these days get election results from official sources, but the process
used to be a lot less formal. In the summer of 1891, for instance,
the San Angelo Standard learned the outcome of the first election
in Crockett County
from two men who had just ridden in from Ozona.
"W.S. Kelly and N.P. Lewis arrived from Crockett
County yesterday and from them the Standard obtained the following
approximately correct news of the election in that county," the
West Texas newspaper
Named for David Crockett, the county had existed on paper since
1875, first attached for judicial purposes to Kinney
County and by 1885 to Val
Verde County. Finally, on July 7, 1891, Crockett
County's all-male electorate cast ballots for the first time.
Residents voted in the county's first office holders. But more important
for posterity's sake, they picked the county seat.
As the Standard reported, "The vote for county seat with two boxes
yet to hear from is as follows:
* Joe Moss Ranch: Ozona
24, Eureka, 7.
* Jackson Ranch: Ozona
9, Eureka, 3.
* Henderson's Ranch: Ozona
12, Eureka, 6.
* Couch's ranch: Ozona
9, Eureka, 3."
Doing the math showed 54 votes for Ozona
to 19 for Eureka.
That, the Standard went on, "is so far above the two-third of all
the votes that have already been counted that it is almost impossible
for Eureka to get a one-third of the vote from the boxes not yet
heard from, but we would not yet be certain that Ozona
Of course, Ozona
did become the county seat. Today, Eureka - first known as
Couch Well - is not even a ghost town, only a ghost name.
A couple of weeks after the election, a correspondent known as "La
Vaquero" (either someone who didn't know Spanish very well, a woman
with a sense of humor or both) wrote a letter to the editor the
Standard published on August 11. Ozona,
the local informant said, boomed with a capital B.
"The town, although only a few weeks old, boasts of one store, with
lumber on the ground for two more, one saloon, two restaurants,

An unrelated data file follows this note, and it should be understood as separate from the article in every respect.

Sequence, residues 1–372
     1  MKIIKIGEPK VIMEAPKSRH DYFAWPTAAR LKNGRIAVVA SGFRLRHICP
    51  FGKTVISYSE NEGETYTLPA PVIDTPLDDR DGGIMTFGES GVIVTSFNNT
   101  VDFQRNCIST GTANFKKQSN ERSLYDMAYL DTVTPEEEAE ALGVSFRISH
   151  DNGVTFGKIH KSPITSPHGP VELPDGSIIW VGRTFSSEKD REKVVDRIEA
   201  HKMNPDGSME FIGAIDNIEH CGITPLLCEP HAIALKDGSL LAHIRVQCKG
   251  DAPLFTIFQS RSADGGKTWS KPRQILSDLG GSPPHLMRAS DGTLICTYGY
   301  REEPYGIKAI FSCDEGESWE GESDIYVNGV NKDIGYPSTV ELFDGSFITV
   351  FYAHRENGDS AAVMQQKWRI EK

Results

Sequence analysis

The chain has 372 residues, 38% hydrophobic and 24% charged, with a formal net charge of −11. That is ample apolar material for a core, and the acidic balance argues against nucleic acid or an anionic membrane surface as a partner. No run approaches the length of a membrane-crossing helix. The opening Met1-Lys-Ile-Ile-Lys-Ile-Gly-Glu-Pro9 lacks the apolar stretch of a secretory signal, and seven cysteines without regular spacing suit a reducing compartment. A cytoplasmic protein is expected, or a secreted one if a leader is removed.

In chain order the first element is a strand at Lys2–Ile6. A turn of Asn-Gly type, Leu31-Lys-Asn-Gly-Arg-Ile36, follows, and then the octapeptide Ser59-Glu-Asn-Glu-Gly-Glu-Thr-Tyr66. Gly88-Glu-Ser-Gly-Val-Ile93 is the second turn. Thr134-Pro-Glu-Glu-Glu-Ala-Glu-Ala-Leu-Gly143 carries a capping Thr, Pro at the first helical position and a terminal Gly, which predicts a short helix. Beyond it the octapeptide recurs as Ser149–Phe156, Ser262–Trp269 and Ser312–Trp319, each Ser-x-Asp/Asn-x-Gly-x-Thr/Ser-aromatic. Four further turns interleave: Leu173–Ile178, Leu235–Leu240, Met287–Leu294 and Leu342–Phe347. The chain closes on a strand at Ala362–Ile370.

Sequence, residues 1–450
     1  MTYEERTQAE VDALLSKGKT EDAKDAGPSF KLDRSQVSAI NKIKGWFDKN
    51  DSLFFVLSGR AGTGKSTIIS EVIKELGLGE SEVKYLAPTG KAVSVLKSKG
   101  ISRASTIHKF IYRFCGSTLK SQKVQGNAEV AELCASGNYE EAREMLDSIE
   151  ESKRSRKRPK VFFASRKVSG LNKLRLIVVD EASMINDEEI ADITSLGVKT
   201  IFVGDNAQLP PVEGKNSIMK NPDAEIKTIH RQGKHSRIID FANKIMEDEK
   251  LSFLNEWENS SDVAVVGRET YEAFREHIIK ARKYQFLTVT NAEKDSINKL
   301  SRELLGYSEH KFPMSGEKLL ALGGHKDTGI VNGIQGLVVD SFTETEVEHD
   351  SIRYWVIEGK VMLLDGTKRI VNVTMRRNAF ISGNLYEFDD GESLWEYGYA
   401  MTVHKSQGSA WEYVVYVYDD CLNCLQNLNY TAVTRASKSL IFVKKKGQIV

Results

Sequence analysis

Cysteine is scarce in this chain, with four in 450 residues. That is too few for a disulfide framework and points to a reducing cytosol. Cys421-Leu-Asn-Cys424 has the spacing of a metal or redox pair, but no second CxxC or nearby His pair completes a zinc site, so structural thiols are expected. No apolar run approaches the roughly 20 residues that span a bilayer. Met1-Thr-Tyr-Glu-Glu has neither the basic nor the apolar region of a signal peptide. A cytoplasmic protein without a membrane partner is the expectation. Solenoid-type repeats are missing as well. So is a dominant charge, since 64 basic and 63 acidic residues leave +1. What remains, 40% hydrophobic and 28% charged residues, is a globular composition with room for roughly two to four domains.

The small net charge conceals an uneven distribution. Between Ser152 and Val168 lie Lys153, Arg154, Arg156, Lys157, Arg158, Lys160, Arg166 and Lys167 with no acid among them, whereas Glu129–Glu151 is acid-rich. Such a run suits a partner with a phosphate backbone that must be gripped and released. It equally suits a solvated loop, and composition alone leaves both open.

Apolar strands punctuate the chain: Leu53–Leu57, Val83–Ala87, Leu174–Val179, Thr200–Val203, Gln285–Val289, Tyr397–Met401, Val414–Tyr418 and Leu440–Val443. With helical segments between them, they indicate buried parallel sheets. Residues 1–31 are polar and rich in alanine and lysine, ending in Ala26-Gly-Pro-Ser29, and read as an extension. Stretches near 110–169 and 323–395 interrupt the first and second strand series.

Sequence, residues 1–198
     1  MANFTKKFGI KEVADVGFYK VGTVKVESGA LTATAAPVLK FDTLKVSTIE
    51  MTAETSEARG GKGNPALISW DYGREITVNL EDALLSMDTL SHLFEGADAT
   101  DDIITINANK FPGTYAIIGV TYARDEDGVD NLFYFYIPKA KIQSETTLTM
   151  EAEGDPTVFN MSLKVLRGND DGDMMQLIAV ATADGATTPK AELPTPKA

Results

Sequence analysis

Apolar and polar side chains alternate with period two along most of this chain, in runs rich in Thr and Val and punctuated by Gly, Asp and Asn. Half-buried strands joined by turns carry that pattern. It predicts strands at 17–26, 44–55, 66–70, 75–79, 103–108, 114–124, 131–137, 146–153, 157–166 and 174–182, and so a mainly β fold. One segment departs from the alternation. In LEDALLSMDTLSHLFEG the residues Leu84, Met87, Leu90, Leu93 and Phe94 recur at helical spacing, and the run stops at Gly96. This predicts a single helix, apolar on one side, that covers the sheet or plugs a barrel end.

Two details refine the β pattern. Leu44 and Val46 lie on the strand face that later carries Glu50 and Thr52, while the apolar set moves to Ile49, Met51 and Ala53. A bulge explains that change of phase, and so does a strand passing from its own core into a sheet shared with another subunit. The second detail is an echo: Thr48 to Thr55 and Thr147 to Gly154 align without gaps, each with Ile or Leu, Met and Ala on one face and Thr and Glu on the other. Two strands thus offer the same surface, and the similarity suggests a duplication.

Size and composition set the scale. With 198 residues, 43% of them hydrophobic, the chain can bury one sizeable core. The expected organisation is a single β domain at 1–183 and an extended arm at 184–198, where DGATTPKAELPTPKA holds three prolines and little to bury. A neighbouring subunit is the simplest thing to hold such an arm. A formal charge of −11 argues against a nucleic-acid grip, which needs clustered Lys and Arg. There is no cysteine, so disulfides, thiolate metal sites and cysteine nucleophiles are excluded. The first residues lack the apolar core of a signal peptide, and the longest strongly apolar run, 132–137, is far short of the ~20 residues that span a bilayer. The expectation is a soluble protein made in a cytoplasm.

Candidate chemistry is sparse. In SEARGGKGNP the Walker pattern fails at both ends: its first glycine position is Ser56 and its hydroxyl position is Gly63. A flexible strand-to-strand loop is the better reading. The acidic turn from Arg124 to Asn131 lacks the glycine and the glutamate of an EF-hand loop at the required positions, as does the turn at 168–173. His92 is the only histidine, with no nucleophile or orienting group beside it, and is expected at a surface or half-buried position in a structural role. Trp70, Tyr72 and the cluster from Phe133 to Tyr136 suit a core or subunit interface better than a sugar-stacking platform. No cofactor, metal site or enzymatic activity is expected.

meat market, feed yard, boot shop, etc.," they wrote. "Most of the
business is done in tents, although there are a dozen houses in
course of construction and the sound of the saw and hammer is heard
on every hand."
Despite the fact that the electorate had spoken on whether the capital
of Crockett County
should be the rapidly growing Ozona
or Eureka, a judge in Val
Verde County had a petition before him to overturn the results
of the vote.
"Although we have been informed that the…judge…has reversed his
decision in regard to our county seat," the correspondent continued,
"the people are paying no attention to it, as it is a settled fact
will still be the county seat, there being no opposite worth mentioning."
will of the people prevailed, no matter the validity of the election.
"The land on which Ozona
is situated is patented and belongs to E.M. Powell," the newspaper
report continued. Powell had "generously donated to the town a good
well, with 18-foot Eclipse windmill and cistern, also all lands
for public buildings such as courthouse, jail, churches, etc.
"He has also just completed a nice school…24x50, which has also
been donated to the town, his idea being to build a good town regardless
of the cost to himself, as he has a large body of land in the county
which will enhance in value as the town improves.
"Joe Moss, our handsome surveyor [something of a clue that the letter
writer was a cow girl], is his agent, and is kept constantly busy
selling lots and showing prospectors around."
So far, some 75 lots had been sold, the letter writer said. And
though reports had made the rounds that the lots went for "enormous
prices," the author strove to set the record straight: "Right here
I wish to state that the size of the residence lots are 200 square
and can be bought from $25 to $50, according to location, one-third
cash, balance on time. Compared with the size of lots in other towns
(50x100) they are cheaper than any town in the state."
In addition to the sale of lots, Moss and Powell were drilling two
more wells in the new town, enough to insure "abundance of pure
water for all purposes."
"La Vaquero," though writing under an ambiguous name, had no doubt
as to the future of Ozona
and Crockett County.
"Prospectors are coming in every day," the dispatch concluded, "and
the majority of them invest before leaving, well satisfied that
they have found the best portion of the stockman's paradise."
© Mike Cox
"Texas Tales" May
12, 2006 column
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